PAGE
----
in category Fiqh (Jurisprudence)

How did classical Muslim jurists understand those paying the jizya to be in a "state of submission"?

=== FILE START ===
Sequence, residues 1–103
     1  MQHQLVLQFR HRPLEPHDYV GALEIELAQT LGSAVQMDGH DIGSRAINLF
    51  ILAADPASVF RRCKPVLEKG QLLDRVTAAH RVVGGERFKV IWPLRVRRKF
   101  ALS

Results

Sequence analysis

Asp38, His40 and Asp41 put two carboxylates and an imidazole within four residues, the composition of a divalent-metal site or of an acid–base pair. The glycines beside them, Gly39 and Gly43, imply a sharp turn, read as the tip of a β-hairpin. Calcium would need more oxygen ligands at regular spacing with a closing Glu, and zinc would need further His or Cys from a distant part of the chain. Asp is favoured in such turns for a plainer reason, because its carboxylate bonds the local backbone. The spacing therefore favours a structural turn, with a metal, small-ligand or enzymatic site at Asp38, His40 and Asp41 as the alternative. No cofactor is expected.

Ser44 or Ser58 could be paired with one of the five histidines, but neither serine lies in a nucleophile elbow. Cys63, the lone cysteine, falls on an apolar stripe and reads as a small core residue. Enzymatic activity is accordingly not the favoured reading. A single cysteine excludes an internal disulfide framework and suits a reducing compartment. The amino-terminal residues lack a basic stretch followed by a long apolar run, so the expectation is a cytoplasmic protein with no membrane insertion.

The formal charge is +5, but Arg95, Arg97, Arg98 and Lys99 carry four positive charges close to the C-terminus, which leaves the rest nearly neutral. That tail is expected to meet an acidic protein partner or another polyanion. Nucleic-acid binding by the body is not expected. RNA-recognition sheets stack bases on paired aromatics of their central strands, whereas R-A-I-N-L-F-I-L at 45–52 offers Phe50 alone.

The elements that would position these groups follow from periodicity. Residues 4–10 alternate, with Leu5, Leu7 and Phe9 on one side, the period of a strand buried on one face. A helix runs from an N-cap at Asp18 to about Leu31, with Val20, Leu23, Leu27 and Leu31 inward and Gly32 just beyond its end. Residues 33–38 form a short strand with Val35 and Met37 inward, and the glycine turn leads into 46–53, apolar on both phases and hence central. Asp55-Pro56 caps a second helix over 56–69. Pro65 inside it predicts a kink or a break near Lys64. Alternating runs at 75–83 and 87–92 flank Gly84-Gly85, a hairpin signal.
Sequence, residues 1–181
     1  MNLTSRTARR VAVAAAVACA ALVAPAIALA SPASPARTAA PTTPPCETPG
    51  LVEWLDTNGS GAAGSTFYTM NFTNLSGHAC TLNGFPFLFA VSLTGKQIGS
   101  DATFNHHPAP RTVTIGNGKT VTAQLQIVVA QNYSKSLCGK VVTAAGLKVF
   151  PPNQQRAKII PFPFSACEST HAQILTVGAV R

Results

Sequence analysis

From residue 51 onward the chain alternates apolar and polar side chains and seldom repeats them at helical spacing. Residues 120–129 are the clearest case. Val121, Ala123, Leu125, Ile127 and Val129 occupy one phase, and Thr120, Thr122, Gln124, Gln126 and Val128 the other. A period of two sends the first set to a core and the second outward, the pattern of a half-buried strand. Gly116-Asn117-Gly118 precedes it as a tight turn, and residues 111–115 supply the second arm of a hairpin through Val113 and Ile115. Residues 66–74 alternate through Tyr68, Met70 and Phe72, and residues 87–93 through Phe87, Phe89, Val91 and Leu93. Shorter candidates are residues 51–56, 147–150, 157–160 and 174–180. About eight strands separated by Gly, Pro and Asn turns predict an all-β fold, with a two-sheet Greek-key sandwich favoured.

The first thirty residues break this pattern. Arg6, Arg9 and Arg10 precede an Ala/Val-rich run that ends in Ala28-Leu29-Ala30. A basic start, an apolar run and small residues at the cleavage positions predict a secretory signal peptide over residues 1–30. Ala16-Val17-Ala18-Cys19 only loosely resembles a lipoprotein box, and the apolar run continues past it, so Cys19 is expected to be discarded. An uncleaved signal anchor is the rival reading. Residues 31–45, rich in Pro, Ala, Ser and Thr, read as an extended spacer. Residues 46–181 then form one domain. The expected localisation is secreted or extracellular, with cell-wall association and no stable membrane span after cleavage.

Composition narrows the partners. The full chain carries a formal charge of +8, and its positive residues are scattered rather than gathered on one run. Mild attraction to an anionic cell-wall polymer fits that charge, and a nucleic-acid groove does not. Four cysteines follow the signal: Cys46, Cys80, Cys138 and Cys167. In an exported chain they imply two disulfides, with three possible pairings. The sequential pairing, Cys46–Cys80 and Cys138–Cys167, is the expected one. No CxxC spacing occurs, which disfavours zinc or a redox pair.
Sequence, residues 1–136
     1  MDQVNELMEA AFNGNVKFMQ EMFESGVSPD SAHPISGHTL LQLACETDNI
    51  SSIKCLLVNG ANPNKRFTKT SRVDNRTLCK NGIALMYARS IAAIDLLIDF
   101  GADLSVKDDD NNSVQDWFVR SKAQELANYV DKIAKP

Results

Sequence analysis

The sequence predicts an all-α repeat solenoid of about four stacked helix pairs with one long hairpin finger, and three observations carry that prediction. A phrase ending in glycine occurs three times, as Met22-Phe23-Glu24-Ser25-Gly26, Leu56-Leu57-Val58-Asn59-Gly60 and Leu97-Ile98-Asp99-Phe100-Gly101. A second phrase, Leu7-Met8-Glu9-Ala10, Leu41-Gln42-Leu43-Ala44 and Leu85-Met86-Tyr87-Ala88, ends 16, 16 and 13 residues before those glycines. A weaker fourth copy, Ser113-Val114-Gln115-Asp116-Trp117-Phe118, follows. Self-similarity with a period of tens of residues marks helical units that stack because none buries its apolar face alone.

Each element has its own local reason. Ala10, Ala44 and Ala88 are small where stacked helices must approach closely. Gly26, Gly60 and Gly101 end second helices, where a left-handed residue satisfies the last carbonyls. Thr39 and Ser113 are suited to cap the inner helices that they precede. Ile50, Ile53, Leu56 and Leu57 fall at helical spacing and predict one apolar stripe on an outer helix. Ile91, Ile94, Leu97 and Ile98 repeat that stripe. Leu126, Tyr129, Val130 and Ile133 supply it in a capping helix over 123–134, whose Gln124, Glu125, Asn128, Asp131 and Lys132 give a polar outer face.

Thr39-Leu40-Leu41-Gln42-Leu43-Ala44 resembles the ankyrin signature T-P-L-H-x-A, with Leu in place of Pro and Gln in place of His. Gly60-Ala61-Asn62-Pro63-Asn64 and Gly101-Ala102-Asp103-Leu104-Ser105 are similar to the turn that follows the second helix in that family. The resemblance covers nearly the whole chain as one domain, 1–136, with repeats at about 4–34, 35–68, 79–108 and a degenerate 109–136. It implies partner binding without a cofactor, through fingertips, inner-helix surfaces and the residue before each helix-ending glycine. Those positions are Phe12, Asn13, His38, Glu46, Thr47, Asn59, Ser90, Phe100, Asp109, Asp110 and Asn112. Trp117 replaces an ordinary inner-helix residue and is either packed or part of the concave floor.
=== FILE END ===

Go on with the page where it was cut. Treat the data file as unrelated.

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Mahmoud M. Ayoub's chapter "The Islamic Context of Muslim-Christian Relations," in Conversion and Continuity: Indigenous Christian Communities in Islamic Lands, Eight to Eighteenth Centuries, refers to characterizing the payment of jizya as a mechanism of subordination. The theme of subordination exists throughout the Islamic legal tradition.  Other jurists wrote that the reference to submission refers to how payment of the jizya was a symbolic act of acknowledging the legitimacy and imperium of the Shari'a under which the non-Muslim lived.   The Qur'anic phrase was read, therefore, to ensure law, order and authority, but not humiliation. The Hanbali jurist Ibn Qudama argued the permanent contract of protection for dhimmis must meet two conditions: first, the payment of the jizya must be made on a regular basis; second and most significantly, the contract must provide for the application of the laws of Islam (iltizam ahkam al-islam), namely the dhimmis acceptance of any rulings against them in terms of the enforcement of various claims and their commitment to abstain from prohibited conduct.   An incident involving the Christian Arab tribe of the Banu Najran offers a historical example that supports the law-and-order reading of the jizya verse. These Christians came to visit Muhammed in order to establish a political relationship with him and his newfound polity. Although the Muslims and the Christians differed in their understanding of the nature of Christ, they agreed to disagree. On political matters, though, the Christians agreed to recognize the legitimacy of Muhammed's political authority and to pay taxes to him.   This historical example offered jurists a reconciliation of the claims of universal truth, sovereign authority and effective governance amidst diversity using the legal model of treaty/tax.  A third position, held by jurists such as Fakhr al-Din al-Razi was that the jizya requirement and other rules imposed on dhimmis were intended to provide an incentive for the non-Muslims to convert. The purpose behind such provisions was not to humiliate or subjugate, but to incentivize conversion to Islam. Humiliation or subordination may be unavoidable, but they were not the principal aim or purpose of the rules; rather, they were instrumental to the central objective of conversion to Islam.

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